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My family identifies me as the “one in the family who always wants to try new, and sometimes weird, things.” When I was a child, I saw a documentary about birds and people. I somehow convinced myself that I could talk to birds. In middle school, I became a vegetarian after my then 6th grade teacher shared his horrid stories on animal cruelty. That only lasted about a week. So when I saw a picture of Beyoncé’ Knowles in an edition of Vibe magazine, with golden brown, blowed- out “natural hair”, full of curls… I identified natural hair with that image. I was thirteen years old, and I ran to the bathroom to attempt to “wash the perm out of my hair” so that mine could resemble hers. You see, back then, we didn’t have the natural hair tools like blogs that now help natural-hair-gonnabees. So that image of my favorite artist at the time told me that natural hair was spirals of curls, equipped with bounciness, softness, waves, and oh…NO NAPS! To me, anything other than that was not natural and was not as beautiful. Needless to say, I found out that her hair wasn’t her hair, but in fact a wig. Yet, that image still stuck with me.


During high school, I began to wear micro-braids. They were convenient and overall very cute. This became my go to style until I graduated. I carried this style with me to college & refused to try anything new. On top of all that, I started an awful regimen of getting a perm before I got my hair braided, so that my braids would last longer. As I took my braids out for the umpteenth time, I noticed how thin my hair was becoming.  A braid or two too many had fallen out from my hairline, leaving bald-spots. I was livid with myself for damaging my hair so much. So, the summer of 2009, I made the decision to discontinue wearing braids until the fall. I then decided to stop getting perms, thus, sparking my decision to go natural. I began watching YouTube videos on how to take care of natural hair and researched in search sites as well. I was so excited that my second attempt at going natural was going to be backed by so many other naturals around the world!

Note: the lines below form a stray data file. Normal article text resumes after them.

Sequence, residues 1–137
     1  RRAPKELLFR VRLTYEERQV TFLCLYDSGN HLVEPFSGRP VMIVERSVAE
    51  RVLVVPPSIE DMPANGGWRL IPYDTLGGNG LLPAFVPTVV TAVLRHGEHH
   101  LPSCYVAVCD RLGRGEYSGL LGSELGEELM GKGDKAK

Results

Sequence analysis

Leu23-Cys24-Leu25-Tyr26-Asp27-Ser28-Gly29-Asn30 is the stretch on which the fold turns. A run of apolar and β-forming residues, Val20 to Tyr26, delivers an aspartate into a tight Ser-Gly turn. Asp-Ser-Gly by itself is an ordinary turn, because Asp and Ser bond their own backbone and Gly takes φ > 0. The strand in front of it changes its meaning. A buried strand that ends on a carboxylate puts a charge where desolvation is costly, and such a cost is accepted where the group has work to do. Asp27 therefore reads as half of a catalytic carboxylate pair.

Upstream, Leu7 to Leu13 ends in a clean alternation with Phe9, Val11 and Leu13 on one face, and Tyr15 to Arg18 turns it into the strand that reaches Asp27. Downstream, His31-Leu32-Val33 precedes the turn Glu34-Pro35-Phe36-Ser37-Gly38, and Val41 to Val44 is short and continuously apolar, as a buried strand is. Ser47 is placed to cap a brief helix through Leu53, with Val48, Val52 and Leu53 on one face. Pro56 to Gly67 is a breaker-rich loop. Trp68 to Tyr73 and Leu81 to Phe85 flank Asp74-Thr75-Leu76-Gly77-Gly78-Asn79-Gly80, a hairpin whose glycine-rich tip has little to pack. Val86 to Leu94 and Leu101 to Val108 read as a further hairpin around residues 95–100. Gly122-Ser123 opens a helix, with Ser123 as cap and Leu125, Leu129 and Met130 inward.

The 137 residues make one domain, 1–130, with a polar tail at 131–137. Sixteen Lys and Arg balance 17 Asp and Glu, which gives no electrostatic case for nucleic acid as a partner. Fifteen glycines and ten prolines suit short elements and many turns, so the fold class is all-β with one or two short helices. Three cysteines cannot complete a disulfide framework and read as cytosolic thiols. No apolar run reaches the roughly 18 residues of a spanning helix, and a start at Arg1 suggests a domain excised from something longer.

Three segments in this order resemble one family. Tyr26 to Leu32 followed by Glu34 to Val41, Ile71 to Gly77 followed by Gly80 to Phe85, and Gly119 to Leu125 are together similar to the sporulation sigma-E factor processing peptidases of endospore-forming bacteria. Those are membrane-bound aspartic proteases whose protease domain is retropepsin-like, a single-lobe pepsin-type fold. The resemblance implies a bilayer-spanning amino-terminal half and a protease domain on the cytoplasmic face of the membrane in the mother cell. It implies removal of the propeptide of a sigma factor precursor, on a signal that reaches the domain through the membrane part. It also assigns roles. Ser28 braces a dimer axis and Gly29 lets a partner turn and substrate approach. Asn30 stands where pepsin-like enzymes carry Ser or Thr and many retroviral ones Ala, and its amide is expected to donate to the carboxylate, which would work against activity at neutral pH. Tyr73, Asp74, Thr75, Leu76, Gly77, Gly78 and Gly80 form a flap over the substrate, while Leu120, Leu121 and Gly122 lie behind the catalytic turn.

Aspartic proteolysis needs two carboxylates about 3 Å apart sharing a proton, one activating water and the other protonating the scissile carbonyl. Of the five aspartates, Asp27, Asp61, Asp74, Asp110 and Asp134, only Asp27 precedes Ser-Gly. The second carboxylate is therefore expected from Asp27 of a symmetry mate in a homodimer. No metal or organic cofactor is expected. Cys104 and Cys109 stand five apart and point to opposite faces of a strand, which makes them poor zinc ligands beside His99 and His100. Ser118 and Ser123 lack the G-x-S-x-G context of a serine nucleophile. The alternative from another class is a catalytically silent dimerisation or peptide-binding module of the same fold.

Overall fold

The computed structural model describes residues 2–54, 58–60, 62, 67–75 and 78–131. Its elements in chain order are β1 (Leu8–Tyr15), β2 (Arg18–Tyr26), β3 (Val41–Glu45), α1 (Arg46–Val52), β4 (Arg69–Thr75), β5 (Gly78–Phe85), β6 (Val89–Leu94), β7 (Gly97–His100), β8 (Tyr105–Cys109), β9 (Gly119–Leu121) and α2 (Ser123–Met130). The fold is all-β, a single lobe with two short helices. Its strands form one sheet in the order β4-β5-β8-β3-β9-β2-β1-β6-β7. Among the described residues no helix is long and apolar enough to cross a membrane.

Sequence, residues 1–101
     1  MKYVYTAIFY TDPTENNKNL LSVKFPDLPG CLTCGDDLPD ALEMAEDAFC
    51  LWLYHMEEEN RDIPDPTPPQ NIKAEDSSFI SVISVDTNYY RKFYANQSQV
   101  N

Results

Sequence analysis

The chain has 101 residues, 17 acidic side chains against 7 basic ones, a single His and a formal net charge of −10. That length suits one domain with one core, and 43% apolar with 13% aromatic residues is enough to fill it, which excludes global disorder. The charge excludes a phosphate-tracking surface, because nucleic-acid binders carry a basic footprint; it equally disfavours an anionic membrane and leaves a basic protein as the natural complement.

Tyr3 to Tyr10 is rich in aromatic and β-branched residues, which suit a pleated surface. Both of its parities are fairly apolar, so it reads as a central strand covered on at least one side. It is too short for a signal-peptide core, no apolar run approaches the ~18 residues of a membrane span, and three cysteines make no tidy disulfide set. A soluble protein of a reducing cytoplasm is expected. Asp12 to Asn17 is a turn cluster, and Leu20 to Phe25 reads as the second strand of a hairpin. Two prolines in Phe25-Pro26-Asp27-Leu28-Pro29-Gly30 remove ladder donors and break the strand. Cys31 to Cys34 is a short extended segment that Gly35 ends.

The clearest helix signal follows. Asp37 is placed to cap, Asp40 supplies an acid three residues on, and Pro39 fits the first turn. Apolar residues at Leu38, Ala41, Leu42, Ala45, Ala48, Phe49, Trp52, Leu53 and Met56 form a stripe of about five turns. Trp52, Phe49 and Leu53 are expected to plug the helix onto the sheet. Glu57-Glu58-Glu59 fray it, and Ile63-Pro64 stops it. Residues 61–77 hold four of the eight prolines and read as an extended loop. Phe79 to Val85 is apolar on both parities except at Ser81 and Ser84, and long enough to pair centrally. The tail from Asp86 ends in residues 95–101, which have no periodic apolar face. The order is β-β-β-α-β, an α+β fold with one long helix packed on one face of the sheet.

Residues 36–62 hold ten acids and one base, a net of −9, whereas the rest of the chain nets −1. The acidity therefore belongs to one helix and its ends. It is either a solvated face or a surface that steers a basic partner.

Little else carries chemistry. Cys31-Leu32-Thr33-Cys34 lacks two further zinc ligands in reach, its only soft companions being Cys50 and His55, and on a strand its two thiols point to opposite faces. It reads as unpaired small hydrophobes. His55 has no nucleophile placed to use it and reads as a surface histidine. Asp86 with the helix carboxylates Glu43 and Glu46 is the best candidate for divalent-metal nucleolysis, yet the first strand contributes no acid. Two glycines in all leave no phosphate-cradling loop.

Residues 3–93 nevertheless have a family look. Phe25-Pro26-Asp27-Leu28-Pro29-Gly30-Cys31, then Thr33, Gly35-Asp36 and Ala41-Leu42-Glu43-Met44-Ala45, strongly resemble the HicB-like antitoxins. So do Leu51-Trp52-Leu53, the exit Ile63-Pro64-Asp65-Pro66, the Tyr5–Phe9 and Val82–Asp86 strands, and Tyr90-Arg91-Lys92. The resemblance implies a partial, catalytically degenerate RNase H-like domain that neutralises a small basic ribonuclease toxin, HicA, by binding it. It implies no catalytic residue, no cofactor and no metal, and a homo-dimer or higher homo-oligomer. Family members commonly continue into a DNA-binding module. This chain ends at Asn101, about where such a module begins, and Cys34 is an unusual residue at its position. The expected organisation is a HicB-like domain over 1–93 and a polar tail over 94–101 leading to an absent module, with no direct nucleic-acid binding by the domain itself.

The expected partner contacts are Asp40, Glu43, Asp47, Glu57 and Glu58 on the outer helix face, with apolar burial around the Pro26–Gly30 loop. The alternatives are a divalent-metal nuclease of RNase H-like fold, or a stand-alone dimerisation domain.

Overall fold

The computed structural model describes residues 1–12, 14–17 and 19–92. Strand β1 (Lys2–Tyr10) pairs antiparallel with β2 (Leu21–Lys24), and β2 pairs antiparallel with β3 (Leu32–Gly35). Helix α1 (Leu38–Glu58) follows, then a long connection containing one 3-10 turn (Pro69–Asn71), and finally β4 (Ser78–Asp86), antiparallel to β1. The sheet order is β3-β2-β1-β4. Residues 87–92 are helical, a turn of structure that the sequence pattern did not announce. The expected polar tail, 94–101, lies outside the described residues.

But when school started again in the fall, I put those braids right back in! No, I didn't get any more perms, but I went back into hiding…too afraid that my hair in its natural form would not be good enough. I felt so pretty in my braids, that I felt like once I took them out and showcased them in public: I would be unattractive.  

A year later, I was chilling with a group of girlfriends, who are all natural, and one said to me, “GIRL, when you gonna stop hidin’ behind your braids?” I was so upset, felt insulted, and I wanted to yell at her. Not because of her audacity, but because she was telling the truth. I nodded and assured her that I would stop rocking the braids when I was good and ready.



Before I knew it, a year later, summer crept up on me again. I tossed the braids, and rocked my natural hair. It was so comfortable for me to rock the hair at home and around family, yet so difficult to rock it at my university. So when I returned to school that fall, with my natural hair in full effect, I was surprised at my own confidence! I rocked my fro with my head held up high, and threw the deuces at media’s conception on what hair…natural hair…should look like. My fro is nappy, kinky, coily, wavy, soft, sometimes-bouncy, and curly all at the same time. I threw my braids away and that image of Beyoncé’s store-bought tresses away. I replaced it with my newfound love of me!

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